Day Family Classic Cars Museum about to take off in California
It was 1960 when Diane Day walked into a hopping hamburger stand in Norwalk to buy a Coke, leaving her father's 1957 black and white Ford Fairlane parked outside of Scott's Drive-In. She returned to find a man sitting in the driver's seat.
Tom Day had seen the young blonde walk in front of his car and wanted to meet her. Apparently, the trick worked.
He picked the right car, and the right woman, and the right time. He has remained in the driver's seat ever since, they joke.
Fifty-one years later, at age 68, with three children, eight grandchildren, and about 100 classic cars, the Corona couple expects to finish the Day Family Classic Cars museum in Corona on Wardlow Road in about three weeks. The museum transports visitors to an earlier time with scenes from the 1920s to a rural mustang corral for Ford Mustangs and a Vets Vetts area with Corvettes honoring veterans.
Glistening Ford Galaxies from the 1950s and Mustangs from the '60s, along with other classic cars blanket the inside of a 33,000-square-foot building built by the Days specifically for the museum. Walls are covered with scenes from Mayberry, the fictional town portrayed in "The Andy Griffith Show," and Floyd's Barber Shop sits nearby shiny red gas pumps at Wally's Service Station.
Next door is a replica of the drive-in where the Days met and a few feet away is Gage Drive-In theater, the South Gate drive-in where they had their first date.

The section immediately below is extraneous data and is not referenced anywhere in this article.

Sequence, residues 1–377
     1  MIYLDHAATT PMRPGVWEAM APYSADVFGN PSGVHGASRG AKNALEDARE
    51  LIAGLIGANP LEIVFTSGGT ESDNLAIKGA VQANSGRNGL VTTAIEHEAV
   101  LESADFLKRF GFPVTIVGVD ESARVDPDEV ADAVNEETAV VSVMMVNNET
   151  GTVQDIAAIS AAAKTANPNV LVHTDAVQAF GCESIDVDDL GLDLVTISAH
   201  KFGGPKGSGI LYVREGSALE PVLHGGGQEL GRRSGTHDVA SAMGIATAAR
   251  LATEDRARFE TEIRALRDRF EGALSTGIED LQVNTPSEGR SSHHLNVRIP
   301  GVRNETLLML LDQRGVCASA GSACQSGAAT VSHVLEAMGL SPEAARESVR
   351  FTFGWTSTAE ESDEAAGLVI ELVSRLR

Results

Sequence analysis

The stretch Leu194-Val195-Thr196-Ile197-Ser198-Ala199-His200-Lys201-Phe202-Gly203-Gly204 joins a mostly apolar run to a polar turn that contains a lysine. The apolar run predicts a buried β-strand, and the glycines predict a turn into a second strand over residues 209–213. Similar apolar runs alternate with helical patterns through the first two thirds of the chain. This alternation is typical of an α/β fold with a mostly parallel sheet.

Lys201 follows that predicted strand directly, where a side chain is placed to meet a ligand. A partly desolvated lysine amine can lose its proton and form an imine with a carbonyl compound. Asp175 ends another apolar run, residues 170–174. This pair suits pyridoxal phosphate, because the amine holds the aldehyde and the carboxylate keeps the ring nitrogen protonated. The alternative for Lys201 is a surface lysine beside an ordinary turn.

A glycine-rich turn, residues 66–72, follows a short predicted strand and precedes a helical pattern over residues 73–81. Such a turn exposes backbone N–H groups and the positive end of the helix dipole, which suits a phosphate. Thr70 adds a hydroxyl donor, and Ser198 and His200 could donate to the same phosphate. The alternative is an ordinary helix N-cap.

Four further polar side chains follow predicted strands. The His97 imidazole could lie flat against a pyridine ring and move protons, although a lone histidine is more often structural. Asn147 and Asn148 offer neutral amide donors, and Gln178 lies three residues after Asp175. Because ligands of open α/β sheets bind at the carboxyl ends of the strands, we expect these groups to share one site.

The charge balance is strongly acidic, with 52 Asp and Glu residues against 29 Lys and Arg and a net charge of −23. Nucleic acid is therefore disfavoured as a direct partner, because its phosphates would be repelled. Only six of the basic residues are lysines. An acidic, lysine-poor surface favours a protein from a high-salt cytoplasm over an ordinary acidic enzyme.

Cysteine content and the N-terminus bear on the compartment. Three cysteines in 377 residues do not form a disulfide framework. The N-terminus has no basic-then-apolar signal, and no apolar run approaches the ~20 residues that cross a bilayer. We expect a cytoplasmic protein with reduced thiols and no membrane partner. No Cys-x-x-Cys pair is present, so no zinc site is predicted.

A pile of Lucille Ball Hollywood memorabilia and an autographed Shaquille O'Neal basketball sit a few car-lengths away from a 1929 speakeasy modeled after the bar near where the famous St. Valentine's Day massacre happened.
"I was born to live in the '40s and '50s," Diane Day said, who is the real person behind amassing about 100 cars over about seven years, with an invested value of about $4.9 million, and some costing as much as $220,000. "I just love old cars."
Diane Day said it started with a 1957 Chevy her husband sold for a newer 1963 Pontiac LeMans shortly after the pair married. She never forgot it and always missed it.
"That broke my heart," Day said.
For the last several months the Days manage the museum full-time.
Family members and hired professionals erect mannequins, fix electrical wiring, lay carpet and drive in cars from two other warehouses.
The pair own a Corona aerospace testing equipment company, Eclypse International Corp., and investment properties.
Each grandchild in the Day family receives a car when they receive their driver's license. And the museum is a family inheritance. Their eldest son has already started his own collection.
The museum's first fundraiser is scheduled for June 22 to raise money for the Darrell Gwynn Foundation that provides support and strives for a cure to paralysis. The Days expect to open the museum to the public by July 1 for two days a week and on weekends, Tom Day said.
Bruce Ward, director of the Riverside International Automotive Museum, says he is eager to have another museum open in the Inland area where there are relatively few.
His museum displays about 50 cars and focuses on the famous racetrack, the former Riverside International Raceway.
"I think it's terrific. That's the great thing about museum people. We do what we can to advertise and support other museums," Ward said.
His museum sees anywhere from a dozen to 300 people a week and is located in an industrial area off Iowa Avenue in Riverside.
Source: The Press Enterprise